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programme of archaeologyArchaeological works required for Planning

1. It has been suggested that my planning application needs to be supported with an assessment of potential archaeology.  How is this different from a Heritage Statement?

An Archaeology Desk Based Assessment forms part of a planning application, to provide greater understanding of the known and potential archaeological resource within and in close proximity to a development site.

These professional reports provide a full Heritage Impact Assessment that identifies the potential risk to a project because of archaeology being present, creating a bespoke set of recommendations. A Heritage Statement establishes the history and significance of a site or historic asset, often with an assessment of its historic setting to ‘understand the surroundings in which it is experienced.’ It is a requirement for Listed Building consents.

You may find it useful to visit our heritage case study pages to see examples of Archaeology Desk Based Assessments that our team has completed.

2. It has been suggested to me that I need a Geophysical Survey as part of Archaeological Works. What is this?

A timely Geophysical Survey can provide a clearer picture of both known and potential archaeology on a site, detailing factors such as the extent, nature and form of various below ground archaeology features. Various forms of geophysical survey can be undertaken, including Magnetometer, Earth Resistance and Ground Penetrating Radar, all of which are non-intrusive.

These works not only provide beneficial design guidance to the client and their development team but allow the projects heritage consultants to get an early appreciation of the potential impact of a development, providing valuable insight into below ground risk. Surveying is quick, effective and inexpensive and, when employed early, can help to limit, better target, or scope out altogether, later costly intrusive archaeological investigation works.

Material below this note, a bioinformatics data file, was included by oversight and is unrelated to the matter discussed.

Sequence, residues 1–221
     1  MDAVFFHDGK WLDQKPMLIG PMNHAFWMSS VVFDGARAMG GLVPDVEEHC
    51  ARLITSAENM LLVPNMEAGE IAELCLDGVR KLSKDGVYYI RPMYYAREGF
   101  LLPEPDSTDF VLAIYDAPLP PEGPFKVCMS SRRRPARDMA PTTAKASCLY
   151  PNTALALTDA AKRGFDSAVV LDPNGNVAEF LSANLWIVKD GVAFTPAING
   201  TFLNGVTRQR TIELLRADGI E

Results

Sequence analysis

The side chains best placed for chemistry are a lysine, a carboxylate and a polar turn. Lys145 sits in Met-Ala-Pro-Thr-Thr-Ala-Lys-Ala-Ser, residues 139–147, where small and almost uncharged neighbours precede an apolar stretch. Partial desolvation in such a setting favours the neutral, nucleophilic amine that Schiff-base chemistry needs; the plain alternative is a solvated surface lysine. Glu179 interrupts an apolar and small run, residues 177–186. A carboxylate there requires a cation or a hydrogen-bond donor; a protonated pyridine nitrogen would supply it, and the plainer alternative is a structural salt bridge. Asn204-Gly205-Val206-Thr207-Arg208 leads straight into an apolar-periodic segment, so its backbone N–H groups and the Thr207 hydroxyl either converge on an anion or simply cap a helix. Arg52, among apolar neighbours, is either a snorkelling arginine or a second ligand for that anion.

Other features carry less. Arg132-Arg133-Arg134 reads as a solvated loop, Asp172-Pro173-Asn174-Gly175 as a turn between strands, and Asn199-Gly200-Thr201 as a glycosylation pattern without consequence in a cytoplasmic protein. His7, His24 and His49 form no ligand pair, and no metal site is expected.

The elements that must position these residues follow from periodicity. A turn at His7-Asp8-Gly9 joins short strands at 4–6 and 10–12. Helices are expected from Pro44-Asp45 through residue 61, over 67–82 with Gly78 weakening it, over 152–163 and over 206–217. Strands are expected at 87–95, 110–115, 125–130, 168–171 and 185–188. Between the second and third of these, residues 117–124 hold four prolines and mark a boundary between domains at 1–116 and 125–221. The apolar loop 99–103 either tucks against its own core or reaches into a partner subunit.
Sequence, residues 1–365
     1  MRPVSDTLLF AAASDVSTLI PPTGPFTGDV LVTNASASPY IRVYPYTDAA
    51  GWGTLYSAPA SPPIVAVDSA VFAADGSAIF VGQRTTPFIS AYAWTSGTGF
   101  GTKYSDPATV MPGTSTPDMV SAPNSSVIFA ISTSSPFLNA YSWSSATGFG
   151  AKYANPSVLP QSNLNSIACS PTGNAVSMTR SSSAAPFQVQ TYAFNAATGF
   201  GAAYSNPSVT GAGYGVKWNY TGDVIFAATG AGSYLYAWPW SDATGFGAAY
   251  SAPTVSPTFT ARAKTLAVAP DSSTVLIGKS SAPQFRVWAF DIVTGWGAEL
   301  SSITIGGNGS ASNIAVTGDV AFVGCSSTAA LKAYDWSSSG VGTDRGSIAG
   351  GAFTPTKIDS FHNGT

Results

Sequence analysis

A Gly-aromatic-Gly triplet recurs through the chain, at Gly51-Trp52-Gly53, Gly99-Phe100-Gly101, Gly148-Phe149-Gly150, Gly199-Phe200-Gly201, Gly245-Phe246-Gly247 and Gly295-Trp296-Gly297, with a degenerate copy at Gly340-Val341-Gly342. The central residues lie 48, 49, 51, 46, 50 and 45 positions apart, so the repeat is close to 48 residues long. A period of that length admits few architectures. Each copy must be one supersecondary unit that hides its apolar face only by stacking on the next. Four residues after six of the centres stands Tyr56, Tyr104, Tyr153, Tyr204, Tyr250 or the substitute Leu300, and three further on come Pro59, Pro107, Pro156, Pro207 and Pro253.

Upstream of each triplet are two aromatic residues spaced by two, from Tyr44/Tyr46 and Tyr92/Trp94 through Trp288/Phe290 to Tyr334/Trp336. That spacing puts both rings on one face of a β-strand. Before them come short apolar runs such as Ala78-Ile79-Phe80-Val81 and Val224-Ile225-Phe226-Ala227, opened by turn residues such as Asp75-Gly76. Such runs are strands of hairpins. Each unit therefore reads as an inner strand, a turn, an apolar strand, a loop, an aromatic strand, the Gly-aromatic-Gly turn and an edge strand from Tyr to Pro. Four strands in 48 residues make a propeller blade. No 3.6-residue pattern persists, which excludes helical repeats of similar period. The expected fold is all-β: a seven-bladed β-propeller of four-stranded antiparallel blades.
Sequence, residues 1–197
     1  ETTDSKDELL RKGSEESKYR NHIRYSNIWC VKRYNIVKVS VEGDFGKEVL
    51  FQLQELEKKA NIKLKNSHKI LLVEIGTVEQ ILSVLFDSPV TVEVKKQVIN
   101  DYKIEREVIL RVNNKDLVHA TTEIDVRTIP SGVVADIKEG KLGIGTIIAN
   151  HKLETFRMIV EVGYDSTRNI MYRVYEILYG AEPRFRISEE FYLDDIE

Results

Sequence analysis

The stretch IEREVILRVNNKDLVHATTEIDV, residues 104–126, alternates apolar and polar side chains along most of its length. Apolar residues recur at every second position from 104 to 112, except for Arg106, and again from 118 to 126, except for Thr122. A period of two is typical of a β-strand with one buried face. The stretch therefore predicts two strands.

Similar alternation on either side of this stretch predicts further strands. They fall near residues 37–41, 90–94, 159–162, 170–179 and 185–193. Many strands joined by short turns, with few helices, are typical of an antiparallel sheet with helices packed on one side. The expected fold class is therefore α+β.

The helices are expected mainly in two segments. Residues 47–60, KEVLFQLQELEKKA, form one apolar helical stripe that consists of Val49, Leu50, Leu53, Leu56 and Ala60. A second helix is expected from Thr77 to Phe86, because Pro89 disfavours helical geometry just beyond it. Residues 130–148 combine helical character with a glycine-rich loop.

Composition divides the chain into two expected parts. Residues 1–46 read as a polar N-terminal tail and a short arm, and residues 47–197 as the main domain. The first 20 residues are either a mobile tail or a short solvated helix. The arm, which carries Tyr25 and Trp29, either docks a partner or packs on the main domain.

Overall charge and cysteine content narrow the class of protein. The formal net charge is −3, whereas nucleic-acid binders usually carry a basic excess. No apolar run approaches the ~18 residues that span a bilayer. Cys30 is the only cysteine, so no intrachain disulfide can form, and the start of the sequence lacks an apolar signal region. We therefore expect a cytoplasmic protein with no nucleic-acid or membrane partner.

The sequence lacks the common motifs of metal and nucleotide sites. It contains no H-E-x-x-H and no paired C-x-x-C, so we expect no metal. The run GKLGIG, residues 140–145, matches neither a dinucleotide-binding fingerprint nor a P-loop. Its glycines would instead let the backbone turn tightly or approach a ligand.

3. My Archaeological Planning Condition mentions the need for Archaeological Investigations. What is the difference between Archaeological Evaluation and Archaeological Excavation?

Archaeological Evaluation (also known as Trial Trenching) provides an on-site assessment to determine the presence or absence of archaeological features, structures, deposits or artefacts within a specified site. The information extracted from such works will include data on the character, extent, quality and state of preservation of any remains identified, along with their anticipated date and significance.

Archaeological evaluations are commissioned as part of the progression of a planning application, which provides invaluable insight to the potential for archaeological risk.

Archaeological Evaluation works are always agreed in advance with the Local Planning Authority, based on a Written Scheme of Investigation, and are undertaken in line with Standard and Guidance for Archaeological Field Evaluation by the Chartered Institute for Archaeology (2014)

An Archaeological Excavation is usually notified as a condition attached to a planning-consent. It is required when the site is known to have some form of potential. This results in a Programme of Archaeology works (controlled, ground intrusive fieldwork with defined research objectives and tightly governed processes in relation to the investigation, recording and interpretation of below ground archaeological remains within a site).